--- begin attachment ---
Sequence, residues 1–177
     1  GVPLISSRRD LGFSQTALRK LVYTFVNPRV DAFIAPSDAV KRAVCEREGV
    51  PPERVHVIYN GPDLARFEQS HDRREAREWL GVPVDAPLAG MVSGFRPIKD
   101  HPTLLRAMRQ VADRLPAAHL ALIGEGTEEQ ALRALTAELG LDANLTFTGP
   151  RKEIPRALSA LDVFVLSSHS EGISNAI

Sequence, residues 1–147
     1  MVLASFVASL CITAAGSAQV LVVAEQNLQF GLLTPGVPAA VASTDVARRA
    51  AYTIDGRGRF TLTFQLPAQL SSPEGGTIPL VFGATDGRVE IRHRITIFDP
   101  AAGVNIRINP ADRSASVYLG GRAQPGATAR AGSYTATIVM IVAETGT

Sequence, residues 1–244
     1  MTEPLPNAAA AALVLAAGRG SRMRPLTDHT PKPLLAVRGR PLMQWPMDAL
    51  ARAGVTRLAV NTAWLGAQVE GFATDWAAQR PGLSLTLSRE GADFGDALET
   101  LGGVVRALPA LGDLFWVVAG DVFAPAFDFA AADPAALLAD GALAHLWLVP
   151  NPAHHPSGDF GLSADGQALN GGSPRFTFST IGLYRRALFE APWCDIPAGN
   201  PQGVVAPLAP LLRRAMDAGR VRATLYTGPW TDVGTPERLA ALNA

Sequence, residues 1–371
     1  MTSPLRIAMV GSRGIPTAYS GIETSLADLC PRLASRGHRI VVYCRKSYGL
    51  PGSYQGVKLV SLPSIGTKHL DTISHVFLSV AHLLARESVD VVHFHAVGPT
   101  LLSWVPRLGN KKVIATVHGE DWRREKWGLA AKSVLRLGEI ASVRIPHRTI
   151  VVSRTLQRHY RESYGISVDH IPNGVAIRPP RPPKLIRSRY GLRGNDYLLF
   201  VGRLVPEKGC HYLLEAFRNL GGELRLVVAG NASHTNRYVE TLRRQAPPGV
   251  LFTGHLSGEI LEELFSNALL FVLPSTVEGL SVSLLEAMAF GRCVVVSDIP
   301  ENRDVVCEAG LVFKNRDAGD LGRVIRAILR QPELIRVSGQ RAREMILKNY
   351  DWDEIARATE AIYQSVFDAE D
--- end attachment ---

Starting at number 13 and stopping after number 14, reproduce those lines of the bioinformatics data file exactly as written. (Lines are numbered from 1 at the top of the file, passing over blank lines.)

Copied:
   101  LGGVVRALPA LGDLFWVVAG DVFAPAFDFA AADPAALLAD GALAHLWLVP
   151  NPAHHPSGDF GLSADGQALN GGSPRFTFST IGLYRRALFE APWCDIPAGN